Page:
The earliest known record of a settlement here is Strabo’s mention of the city of Pimolisa, a city that had already been destroyed by the time Strabo wrote some 2,000 years ago (Strabo, seen as the father of geography was born in the nearby city of Amasya, just an hour away). While Greco-Roman culture continued on in the area, little is known about it and only traces have survived.

Adatepe, a hill with a viewpoint café just to the south-east of Osmancık is locally believed to be the burial place of Achilles, the famed hero of the Trojan War, though this seems rather farfetched. There are already two other places said to be the final resting place of the Greek hero Achilles who was cremated in far away Troy after he was killed by the Trojan Paris.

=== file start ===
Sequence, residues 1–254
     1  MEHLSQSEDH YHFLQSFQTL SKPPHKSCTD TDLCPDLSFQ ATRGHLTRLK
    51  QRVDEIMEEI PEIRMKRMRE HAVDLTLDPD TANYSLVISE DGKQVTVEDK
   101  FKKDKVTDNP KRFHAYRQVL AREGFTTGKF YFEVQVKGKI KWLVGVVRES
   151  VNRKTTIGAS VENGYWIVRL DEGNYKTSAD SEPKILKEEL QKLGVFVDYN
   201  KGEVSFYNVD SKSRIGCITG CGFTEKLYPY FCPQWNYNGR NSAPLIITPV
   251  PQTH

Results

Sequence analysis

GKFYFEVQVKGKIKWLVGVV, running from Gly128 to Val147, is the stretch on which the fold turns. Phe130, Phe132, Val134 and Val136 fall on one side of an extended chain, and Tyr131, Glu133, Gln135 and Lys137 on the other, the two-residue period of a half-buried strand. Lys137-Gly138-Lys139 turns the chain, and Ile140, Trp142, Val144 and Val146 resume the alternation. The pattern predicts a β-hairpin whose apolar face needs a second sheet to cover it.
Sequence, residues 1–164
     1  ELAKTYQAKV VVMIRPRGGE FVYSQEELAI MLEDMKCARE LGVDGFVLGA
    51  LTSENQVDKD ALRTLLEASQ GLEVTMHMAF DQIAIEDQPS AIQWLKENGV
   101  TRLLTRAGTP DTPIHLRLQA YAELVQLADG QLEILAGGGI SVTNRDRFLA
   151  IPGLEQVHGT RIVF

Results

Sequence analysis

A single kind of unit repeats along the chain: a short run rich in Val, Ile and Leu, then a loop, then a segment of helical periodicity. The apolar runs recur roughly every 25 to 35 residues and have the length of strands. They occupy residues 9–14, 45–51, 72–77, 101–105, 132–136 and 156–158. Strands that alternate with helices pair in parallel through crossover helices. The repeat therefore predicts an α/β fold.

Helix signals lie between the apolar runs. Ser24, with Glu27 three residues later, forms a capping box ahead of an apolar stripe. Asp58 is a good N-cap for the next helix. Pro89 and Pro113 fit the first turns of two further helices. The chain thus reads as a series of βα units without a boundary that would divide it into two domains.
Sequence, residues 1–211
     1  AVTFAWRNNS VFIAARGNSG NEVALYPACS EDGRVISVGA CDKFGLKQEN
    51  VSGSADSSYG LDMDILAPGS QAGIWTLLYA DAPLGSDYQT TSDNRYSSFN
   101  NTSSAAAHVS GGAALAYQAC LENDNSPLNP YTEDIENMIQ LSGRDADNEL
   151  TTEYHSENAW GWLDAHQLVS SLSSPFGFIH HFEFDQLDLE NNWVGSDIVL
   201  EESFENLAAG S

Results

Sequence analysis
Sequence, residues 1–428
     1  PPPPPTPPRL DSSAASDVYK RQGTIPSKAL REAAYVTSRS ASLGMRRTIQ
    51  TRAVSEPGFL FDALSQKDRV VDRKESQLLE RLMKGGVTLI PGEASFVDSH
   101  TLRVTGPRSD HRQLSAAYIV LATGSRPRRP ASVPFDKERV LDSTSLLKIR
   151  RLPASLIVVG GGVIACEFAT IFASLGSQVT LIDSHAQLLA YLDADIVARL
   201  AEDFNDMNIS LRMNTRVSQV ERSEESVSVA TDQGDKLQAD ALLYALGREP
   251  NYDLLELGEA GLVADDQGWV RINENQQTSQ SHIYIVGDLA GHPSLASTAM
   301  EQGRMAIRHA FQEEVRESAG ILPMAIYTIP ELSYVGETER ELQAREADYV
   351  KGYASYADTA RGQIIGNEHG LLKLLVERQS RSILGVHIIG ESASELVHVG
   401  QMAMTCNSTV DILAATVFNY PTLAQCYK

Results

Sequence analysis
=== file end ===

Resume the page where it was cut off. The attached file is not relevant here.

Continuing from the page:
Why Visit?

Koyunbaba Bridge

(Koyunbaba Köprüsü)

Cost: Free

A central feature of Osmancık is the great stone bridge that spans the width of the Kızılırmak River. It was originally built as a part of the regional highway that connected the east and west though now it connects the two halves of Osmancık which has grown up on both sides of the river.

Koyunbaba Bridge

The bridge was designed to be 250 meters long with a deck rising to a peak at its center with 19 arches increasing in size towards the center of the river. Thanks to the silting of the river banks and a modern retaining wall only 15 of the original arches are now visible.